For Your Eyes Only

The World Health Organisation defines blindness as having visual acuity of less than 20/400. This means that objects visible to the average person from 400 […]

Art by Emma Wilkins

The World Health Organisation defines blindness as having visual acuity of less than 20/400. This means that objects visible to the average person from 400 feet are only seen from 20 feet, if at all. Over forty million people worldwide are affected by blindness according to this definition. However, a team led by Dr Eberhart Zrenner, working at the University of Tübingen in Germany, have recently developed a prosthetic chip which could dramatically reduce the numbers of blind sufferers.

Retinitis Pigmentosa and Age Related Macular Degeneration are two of the leading causes of impaired vision. Both of these diseases act by damaging photoreceptor cells on the retina of the eye, preventing the conversion of light into a nervous signal. To compensate for the loss of photoreceptors, synthetic microphotodiodes are implanted into a patient’s retinal photoreceptor layer. In these microphotodiodes, light knocks electrons out of their atomic orbit, generating ‘free electrons’ that can flow, thereby creating a current. By converting light into electric signals, microphotodiodes stimulate bipolar cells (sensory nerve cells) directly, rather than by chemical transmission which our natural photoreceptors use. This allows the signal to be propagated to the visual centres in the brain via the optic nerve. After the implantation of a 3×3 mm array of 1500 microphotodiodes into three trial patients, all regained some sight; they could recognise simple objects such as cutlery and a mug, as well as basic shapes roughly ten centimetres high.

Microphotodiodes, while offering simple solutions to blindness, still have some limitations. Primarily they require the other structures involved in vision, such as the optic nerve, to be functional. Further, while they have much greater acuity than many other visual prosthetics, they still only confer 38×40 pixels of resolution. The resolution of two fully functioning eyes is measured in megapixels.

In order to work around other causes of blindness, different visual prostheses have been proposed, showing amazing variety in their design. Perhaps the most intuitive are a system of cameras with wires that project to artificial electrodes planted on the visual cortex of the brain, directly stimulating the region and producing images. Other prostheses, working by sensory substitution, include a microelectrode array that stimulates the tongue to give an impression of the shape of objects in the visual field. Another technology is the vOICe system, which translates images from a camera on sunglasses into sound that is played into the ear. The visual surroundings are mapped so that the greater the height of an object, the higher the pitch heard and the brighter the object, the louder the sound. After practice, this can give the equivalent of 60×60 pixels of vision. What is perhaps most interesting about these kinds of prosthetics is how their function improves with use, due to neural plasticity—the ability of structure and function of brain regions to change with experience and use. fMRI scans from a study by Dr Amir Amedi and others at the Hebrew University of Jerusalem have shown that the area of the brain that usually responds to vision and touch, is activated in vOICe users’ brains while ‘looking’ at recognisable objects by receiving auditory cues.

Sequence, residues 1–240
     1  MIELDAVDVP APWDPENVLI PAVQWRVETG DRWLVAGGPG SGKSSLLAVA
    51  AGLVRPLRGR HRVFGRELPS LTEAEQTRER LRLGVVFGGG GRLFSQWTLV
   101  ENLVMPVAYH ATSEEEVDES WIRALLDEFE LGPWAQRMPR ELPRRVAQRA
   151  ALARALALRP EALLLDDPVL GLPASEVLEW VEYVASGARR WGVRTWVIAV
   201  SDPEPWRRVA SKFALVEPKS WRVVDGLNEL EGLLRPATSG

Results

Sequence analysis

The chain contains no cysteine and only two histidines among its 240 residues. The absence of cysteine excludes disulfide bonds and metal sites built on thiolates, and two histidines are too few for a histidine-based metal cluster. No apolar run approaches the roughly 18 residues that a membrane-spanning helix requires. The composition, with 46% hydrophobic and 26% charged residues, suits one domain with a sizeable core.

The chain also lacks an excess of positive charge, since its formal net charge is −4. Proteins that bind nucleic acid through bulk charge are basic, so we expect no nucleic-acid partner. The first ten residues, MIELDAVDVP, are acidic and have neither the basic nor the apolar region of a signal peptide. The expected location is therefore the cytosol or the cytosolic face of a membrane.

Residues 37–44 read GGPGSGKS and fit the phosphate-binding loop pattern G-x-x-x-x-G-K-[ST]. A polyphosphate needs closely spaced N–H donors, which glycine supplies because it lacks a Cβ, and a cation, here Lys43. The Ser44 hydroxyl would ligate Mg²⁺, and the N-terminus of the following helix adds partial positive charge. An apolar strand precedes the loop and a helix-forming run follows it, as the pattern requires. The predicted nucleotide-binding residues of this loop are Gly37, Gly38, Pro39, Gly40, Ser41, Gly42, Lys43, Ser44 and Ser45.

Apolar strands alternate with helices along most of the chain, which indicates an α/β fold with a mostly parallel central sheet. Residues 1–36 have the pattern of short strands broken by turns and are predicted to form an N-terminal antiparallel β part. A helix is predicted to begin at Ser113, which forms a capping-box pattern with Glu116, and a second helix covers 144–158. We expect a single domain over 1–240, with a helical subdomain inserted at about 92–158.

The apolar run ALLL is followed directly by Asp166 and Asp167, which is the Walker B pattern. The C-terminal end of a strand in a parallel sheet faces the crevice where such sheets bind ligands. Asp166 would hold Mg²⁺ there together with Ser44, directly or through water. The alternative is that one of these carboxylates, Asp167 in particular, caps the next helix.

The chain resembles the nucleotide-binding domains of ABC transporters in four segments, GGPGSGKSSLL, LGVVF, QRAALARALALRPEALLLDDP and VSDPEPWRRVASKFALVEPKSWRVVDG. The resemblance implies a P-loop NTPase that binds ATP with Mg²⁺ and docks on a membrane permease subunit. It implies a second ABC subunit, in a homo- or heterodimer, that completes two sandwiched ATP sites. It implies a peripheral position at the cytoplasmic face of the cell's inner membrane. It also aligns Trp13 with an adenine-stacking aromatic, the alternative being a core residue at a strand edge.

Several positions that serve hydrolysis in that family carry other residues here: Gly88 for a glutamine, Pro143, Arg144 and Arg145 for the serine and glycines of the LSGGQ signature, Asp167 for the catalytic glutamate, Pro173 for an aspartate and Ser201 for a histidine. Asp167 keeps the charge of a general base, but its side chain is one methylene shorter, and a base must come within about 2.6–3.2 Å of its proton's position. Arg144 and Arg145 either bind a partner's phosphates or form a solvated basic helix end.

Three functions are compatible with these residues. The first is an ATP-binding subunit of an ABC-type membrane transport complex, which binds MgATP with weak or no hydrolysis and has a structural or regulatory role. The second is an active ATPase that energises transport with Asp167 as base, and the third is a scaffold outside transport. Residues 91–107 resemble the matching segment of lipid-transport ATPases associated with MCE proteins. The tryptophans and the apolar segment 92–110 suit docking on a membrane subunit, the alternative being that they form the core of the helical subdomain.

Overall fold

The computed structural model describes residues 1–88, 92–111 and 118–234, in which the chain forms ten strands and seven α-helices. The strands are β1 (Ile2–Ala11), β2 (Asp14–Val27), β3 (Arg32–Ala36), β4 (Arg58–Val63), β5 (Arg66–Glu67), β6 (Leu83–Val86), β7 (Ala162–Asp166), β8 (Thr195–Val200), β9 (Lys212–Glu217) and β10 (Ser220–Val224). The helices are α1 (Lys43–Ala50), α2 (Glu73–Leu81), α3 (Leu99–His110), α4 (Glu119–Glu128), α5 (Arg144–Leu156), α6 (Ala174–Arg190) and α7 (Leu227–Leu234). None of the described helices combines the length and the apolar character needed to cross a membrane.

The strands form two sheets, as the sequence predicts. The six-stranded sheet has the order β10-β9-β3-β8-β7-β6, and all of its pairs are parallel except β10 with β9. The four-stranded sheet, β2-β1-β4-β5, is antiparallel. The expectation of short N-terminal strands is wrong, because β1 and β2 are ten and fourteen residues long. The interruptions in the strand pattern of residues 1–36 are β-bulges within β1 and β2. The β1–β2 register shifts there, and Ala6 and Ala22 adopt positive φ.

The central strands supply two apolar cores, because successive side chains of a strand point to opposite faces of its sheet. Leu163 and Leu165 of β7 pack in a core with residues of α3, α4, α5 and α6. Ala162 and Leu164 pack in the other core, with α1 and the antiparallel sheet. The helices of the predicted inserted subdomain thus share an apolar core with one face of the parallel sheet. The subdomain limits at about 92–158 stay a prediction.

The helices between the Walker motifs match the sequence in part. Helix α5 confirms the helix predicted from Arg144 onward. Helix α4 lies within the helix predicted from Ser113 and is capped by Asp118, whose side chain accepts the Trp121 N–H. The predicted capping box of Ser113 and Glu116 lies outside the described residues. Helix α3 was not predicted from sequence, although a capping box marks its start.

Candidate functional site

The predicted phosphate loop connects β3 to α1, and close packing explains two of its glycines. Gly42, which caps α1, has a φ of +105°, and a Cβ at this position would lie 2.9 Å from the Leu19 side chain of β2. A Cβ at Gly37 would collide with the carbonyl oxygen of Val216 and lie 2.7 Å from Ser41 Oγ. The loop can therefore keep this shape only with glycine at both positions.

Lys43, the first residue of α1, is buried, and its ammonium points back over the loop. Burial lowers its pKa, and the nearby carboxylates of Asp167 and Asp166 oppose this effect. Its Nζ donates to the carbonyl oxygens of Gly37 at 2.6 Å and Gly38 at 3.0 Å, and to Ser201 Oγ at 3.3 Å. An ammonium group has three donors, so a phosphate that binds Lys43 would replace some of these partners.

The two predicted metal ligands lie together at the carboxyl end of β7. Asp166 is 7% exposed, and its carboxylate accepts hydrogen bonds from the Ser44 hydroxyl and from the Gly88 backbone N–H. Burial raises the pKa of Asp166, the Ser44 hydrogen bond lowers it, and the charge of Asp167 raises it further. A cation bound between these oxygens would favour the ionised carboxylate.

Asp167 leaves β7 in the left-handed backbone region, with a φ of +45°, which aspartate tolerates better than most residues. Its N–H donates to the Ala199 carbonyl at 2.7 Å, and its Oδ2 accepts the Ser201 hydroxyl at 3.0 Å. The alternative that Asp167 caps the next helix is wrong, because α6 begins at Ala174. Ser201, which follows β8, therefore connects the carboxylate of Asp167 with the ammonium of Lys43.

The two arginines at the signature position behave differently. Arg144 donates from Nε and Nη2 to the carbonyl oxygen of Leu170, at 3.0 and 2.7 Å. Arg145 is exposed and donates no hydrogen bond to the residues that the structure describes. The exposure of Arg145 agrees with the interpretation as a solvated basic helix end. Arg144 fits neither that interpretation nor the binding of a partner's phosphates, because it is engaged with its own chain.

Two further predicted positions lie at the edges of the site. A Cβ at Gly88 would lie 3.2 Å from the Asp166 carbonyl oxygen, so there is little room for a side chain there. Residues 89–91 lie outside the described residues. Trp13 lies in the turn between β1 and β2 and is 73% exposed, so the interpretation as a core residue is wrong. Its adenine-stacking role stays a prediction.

Neural prosthetics are still in their infancy, but we should remain optimistic that visual prostheses will soon obtain the acuity of a working visual system. Moreover, future interactions between technology and the nervous system may help to restore function to sufferers of a variety of other disabilities.

Robert Hickman is a 1st year undergraduate reading Physiological Sciences, at St Hugh’s College.

Art by Emma Wilkins.

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